Painful sacroiliac joint resembles other sources of back pain may present with buttock pain, groin pain, radiation to the back of the hamstring. Patients may experience pain with sitting, standing and transition in between. Treatment is often conservative but there is a surgical solution to it. Conservative care includes sacroiliac belt, a course of physical therapy, medications including Tylenol or ibuprofen. Correction of leg length discrepancy with a insert and a better shoe wear is always helpful. In cases with persistent sacroiliac pain, sacroiliac joint steroid injection, sacroiliac PRP injection, RF ablation of the nerve to the sacroiliac joint and minimally invasive x-ray guided sacroiliac fusion are treatment options. Outcome of the sacroiliac joint pain treatment are often satisfactory with reduced pain and improved function.
DISCOGENIC -BACK PAIN
Discs separate adjacent vertebral body. It allows you to move move your spine in every direction particularly bending forward and they function as shock absorbers. We need healthy disks to be able to move freely. Over time: Discs become dehydrated, and are more prone to small tears and herniation. As result, it could be a source of neck pain, mid back pain or lower back pain. Degenerated or desiccated disc can result in stiffness, pain, and inability to do daily activities..
Back pain from the disc is called "discogenic". Discogenic back pain is approximately 40% of all the back pains. First episode of discogenic back pain often is memorable, severe, associated with a bending-lifting injury (example: moving furniture) , and may land the patient in the ER. Primarily because of pain, you may not be able to move freely, you may feel stuck and simple things like brushing your teeth, coughing and sneezing be significantly aggravate your pain. It takes several days for this acute phase to subside but it may recur and become episodic. Improving body mechanic, improving lifting techniques, and improving her biomechanics and ergonomics are the key to prevention and successful treatment. Physical therapy, core strengthening, and NSAIDs are first-line of treatment. Sometimes a back brace can help during the acute phase. An MRI can diagnose the changes within the discs whether is a annular tear or degenerative disc. Treatments beyond this includes intradiscal PRP injection (Regenerative Medicine) or surgical replacement/spinal fusion.
SPINAL STENOSIS-- BACK PAIN:
Narrowing in your spinal column is called spinal stenosis. This can happen in your neck, mid back or lower back.Localized neck pain and localized back pain is a fairly common presentation although often associated with either arm pain or leg pain. Spinal stenosis in the thoracic spine is not common but it can develop in patients with fracture, herniated disc. Some cases of lumbar spinal stenosis are congenital. Presentation varies from neck pain with or without arm pain to lower back pain with or without leg pain. It is often a condition affecting adults in the 6th -8th decade of life. Herniated disc can result in spinal stenosis in younger adults. Spinal stenosis can easily be diagnosed based on history, physical examination, and an MRI. Treatment varies from conservative care which includes physical therapy and over-the-counter medications. As the treatment progresses, in order of aggressiveness, epidural injection, transforaminal lumbar ESI,, MILD procedure, VERTIFLEX implant, MINUTEMAN implant, lumbar decompression, laminectomy, laminoplasty, laminectomy and fusion may become necessary to improve pain and improve function.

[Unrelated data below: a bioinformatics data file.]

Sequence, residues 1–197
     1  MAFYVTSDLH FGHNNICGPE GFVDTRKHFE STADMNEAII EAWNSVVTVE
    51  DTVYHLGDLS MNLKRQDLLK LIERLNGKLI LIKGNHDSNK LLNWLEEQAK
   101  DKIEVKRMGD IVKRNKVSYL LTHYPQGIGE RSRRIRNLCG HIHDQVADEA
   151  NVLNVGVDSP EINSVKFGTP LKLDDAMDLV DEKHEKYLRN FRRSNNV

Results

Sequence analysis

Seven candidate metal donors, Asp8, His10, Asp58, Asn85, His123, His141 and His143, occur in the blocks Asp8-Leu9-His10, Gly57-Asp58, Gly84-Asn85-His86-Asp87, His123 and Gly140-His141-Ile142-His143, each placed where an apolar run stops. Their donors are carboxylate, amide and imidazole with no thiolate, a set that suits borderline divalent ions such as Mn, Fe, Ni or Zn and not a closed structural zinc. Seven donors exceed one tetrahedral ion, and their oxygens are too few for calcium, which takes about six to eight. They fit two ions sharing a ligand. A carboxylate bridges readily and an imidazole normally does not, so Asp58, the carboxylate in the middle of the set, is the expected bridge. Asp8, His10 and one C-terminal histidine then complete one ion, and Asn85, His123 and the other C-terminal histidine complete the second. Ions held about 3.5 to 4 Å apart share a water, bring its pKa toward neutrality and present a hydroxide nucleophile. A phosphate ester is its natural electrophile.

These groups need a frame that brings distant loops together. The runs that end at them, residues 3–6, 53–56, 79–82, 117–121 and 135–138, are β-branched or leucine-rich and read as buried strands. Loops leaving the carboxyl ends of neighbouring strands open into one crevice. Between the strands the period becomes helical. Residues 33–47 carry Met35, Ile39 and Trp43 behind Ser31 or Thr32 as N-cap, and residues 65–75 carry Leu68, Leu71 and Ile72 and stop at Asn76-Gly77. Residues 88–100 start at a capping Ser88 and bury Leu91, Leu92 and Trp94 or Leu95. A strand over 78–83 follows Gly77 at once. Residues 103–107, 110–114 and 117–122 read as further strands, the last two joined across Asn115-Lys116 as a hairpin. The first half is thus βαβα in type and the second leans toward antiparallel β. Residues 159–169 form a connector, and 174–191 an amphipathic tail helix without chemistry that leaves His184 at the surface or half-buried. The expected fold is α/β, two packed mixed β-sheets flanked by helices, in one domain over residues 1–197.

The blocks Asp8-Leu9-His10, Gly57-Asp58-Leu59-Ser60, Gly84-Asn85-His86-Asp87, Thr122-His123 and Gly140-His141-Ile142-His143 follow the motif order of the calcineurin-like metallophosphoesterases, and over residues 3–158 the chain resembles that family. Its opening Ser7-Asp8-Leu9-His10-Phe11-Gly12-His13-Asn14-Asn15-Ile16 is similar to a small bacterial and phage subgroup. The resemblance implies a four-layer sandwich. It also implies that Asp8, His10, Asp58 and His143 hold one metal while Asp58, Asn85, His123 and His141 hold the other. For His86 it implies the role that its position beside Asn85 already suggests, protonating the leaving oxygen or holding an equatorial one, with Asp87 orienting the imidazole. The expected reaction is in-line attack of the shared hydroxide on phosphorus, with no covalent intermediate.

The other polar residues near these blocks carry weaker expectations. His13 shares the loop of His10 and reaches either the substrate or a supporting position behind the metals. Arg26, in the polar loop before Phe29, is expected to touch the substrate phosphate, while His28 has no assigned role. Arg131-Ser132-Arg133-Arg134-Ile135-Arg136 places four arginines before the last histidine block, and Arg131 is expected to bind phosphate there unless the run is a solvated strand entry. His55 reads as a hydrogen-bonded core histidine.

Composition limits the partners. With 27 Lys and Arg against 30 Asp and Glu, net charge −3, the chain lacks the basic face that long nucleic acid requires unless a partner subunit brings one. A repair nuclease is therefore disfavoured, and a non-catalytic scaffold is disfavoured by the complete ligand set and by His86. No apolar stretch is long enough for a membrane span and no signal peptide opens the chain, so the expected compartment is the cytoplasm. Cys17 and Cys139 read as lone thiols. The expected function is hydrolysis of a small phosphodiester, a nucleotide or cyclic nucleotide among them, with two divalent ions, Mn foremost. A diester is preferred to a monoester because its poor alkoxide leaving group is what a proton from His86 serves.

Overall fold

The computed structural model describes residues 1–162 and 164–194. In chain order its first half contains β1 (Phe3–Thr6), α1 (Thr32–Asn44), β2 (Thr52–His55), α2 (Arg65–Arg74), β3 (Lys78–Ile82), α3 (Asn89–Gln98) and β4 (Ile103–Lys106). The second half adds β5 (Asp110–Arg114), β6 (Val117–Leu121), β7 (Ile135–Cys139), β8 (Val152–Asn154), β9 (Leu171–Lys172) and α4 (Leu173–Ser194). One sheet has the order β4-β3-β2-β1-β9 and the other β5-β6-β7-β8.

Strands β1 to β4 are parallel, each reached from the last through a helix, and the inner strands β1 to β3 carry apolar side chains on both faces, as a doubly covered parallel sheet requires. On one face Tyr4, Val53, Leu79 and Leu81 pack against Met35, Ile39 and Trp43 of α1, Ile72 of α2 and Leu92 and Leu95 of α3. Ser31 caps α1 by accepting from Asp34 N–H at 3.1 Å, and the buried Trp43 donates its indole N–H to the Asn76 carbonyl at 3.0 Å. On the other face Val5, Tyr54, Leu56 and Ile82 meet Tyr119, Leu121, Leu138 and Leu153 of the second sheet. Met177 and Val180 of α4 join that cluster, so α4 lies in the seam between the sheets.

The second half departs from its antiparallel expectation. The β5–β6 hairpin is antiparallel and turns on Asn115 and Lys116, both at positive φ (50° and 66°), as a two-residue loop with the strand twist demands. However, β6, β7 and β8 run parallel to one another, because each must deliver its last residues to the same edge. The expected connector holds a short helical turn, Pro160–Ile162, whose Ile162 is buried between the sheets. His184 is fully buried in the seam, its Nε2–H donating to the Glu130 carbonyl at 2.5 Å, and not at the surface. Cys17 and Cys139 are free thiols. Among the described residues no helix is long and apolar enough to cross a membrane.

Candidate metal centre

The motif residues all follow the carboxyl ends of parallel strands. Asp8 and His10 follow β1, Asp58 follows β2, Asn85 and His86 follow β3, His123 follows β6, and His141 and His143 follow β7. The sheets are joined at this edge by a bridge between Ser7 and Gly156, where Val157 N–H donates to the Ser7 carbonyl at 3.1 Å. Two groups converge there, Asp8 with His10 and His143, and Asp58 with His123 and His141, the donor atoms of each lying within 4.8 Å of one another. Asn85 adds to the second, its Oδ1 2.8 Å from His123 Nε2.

FAILED BACK SYNDROME (Post Laminectomy Syndrome).
Unfortunate outcome of back surgery can be failed back syndrome (post laminectomy syndrome). It means that patient has persistent back pain or leg pain despite excellent surgical care. Exact reason for this is not very well-known but it can be contributed to scarring in the surgical area. Patients are often challenged by chronic pain, whether in the back or towards the leg. It is difficult condition to treat. This is a clinical diagnosis, and spine specialist may consider physical therapy, and medication management as the primary way of treating this condition. To improve back pain, some patients may benefit from procedural treatment which includes lumbar RF ablation, and sacroiliac treatment. In rare cases, epidural injection, and epidural lysis of adhesions may be effective in reducing pain. Neuromodulation such as a spinal cord stimulator is an option for treatment with reasonable success.
To read more about the back pain choose one of the following to explore:
1. Facet related back pain
2. Sacroiliac related back pain
3. Discogenic back pain
4. Spinal stenosis
5. Myofascial pain
6. Mild procedure
7. Vertiflex implant
9. Failed back syndrome
10.Spinal cord stimulator